Spending time out of doors is just one of the many benefits of summer. Keeping kids safe from outdoor pests is sometimes a chore, especially in the age of the Zika and chikungunya viruses.
Both viruses are transmitted by the bite of infected mosquitos commonly found in the southern and southeast regions of the U.S. In addition to mosquitos, pests including flies, chiggers, ticks, and gnats can also cause health problems for children. Having a plan for limiting bug bites can help parents prepare for long summer evenings outdoors or time camping or hiking.
The first step to protecting your kids from pests is to keep your property free from mosquito breeding sites such as standing water. After rain, dump out any standing water (like children’s buckets, planters, empty lids, etc.). Mosquitos love still water and breed very quickly in these areas. When strolling, consider mosquito netting for the stroller, particularly in the early AM and at dusk. Keep little arms and legs covered in loose lightweight clothing for added protection.
Insect repellants are products that are applied to a person’s clothing or equipment (strollers, etc.) that contain chemicals that repel, kill, or decrease the danger associated with insects. When using chemical repellants, a few key points will help keep you and your children safe.
Read all labels and use according to the directions.
Do not apply insect repellants to the hands of infants and small children as they often use their hands to rub their eyes and/or put them in their mouths.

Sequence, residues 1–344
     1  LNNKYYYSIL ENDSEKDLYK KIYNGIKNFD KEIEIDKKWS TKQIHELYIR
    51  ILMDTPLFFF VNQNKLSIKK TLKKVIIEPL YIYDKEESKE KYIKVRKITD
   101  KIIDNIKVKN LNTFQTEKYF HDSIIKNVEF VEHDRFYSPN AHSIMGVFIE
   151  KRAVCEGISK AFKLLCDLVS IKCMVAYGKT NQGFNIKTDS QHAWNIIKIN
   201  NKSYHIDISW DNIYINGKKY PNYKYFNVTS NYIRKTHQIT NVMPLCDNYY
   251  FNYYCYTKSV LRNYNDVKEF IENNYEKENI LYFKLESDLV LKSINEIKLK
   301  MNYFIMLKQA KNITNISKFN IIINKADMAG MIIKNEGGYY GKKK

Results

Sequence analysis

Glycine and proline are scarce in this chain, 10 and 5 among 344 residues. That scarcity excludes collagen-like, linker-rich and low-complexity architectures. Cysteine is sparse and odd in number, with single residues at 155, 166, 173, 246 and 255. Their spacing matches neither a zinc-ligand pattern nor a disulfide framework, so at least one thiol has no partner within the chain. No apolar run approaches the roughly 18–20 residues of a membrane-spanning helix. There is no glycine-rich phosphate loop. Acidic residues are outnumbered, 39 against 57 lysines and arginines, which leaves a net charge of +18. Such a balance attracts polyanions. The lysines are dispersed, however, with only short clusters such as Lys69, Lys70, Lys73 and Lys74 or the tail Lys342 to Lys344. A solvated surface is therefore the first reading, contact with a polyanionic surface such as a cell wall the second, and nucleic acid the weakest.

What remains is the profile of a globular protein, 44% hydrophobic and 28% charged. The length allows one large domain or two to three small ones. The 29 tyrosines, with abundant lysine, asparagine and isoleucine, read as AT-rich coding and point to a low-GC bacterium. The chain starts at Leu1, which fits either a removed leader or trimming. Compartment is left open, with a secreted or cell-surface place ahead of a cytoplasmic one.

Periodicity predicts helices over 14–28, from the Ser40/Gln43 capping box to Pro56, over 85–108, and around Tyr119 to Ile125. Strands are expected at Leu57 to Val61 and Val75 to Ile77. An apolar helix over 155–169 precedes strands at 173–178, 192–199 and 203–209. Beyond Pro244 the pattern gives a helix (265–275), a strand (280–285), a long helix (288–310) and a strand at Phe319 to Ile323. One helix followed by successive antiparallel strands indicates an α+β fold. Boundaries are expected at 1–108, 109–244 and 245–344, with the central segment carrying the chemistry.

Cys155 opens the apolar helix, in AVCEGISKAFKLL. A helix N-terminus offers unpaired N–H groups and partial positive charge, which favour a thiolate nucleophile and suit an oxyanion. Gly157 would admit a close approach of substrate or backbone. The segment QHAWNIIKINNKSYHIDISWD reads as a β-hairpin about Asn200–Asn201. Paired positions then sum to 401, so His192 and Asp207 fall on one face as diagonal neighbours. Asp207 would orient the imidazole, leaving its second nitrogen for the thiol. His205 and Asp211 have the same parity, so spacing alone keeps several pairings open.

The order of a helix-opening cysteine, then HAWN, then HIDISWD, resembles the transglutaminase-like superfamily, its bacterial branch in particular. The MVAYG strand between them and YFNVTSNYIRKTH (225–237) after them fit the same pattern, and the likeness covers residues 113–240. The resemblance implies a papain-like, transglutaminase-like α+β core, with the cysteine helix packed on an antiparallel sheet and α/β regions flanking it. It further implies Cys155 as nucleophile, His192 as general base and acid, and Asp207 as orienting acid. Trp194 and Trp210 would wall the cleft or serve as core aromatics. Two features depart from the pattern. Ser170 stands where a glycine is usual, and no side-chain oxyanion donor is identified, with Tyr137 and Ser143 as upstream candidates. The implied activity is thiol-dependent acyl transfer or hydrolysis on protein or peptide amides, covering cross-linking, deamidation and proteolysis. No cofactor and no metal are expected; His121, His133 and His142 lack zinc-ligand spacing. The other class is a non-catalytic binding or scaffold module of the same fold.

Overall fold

DEET, the active chemical ingredient in many insect repellants, is approved by the EPA for use in humans of all ages. However, both the American Academy of Pediatrics and the Centers for Disease Control and Prevention do not recommend using insect repellants containing DEET in children under 2 months of age.
The AAP and CDC recommend using a product containing between 10 and 30 percent DEET depending on how long you will be outside.
Do not use combination sunscreens/insect repellant products on children, as sunscreens need to be reapplied frequently and insect repellants do not.
Once you have returned inside, wash all body parts with soapy water to remove the insect repellant.
Apply the insect repellant to a child by first putting it into your own hands then gently rubbing it over exposed areas, avoiding hands, mouth, and eyes.
Oil of lemon eucalyptus products should not be used in children under the age of three.
Insect repellants, like all chemicals, should be stored out of the reach of small children. If accidental ingestion occurs, call the Poison Control Center at 1-800-222-1222 regardless of where you live in the United States.
- 2016 Summer Safety Tips
- American Academy of Pediatrics.
Choosing and Using Insect Repellents
- National Pesticide Information Center.
Find the Insect Repellent that is Right For You
- US Environmental Protection Agency.
Powered by Bundoo®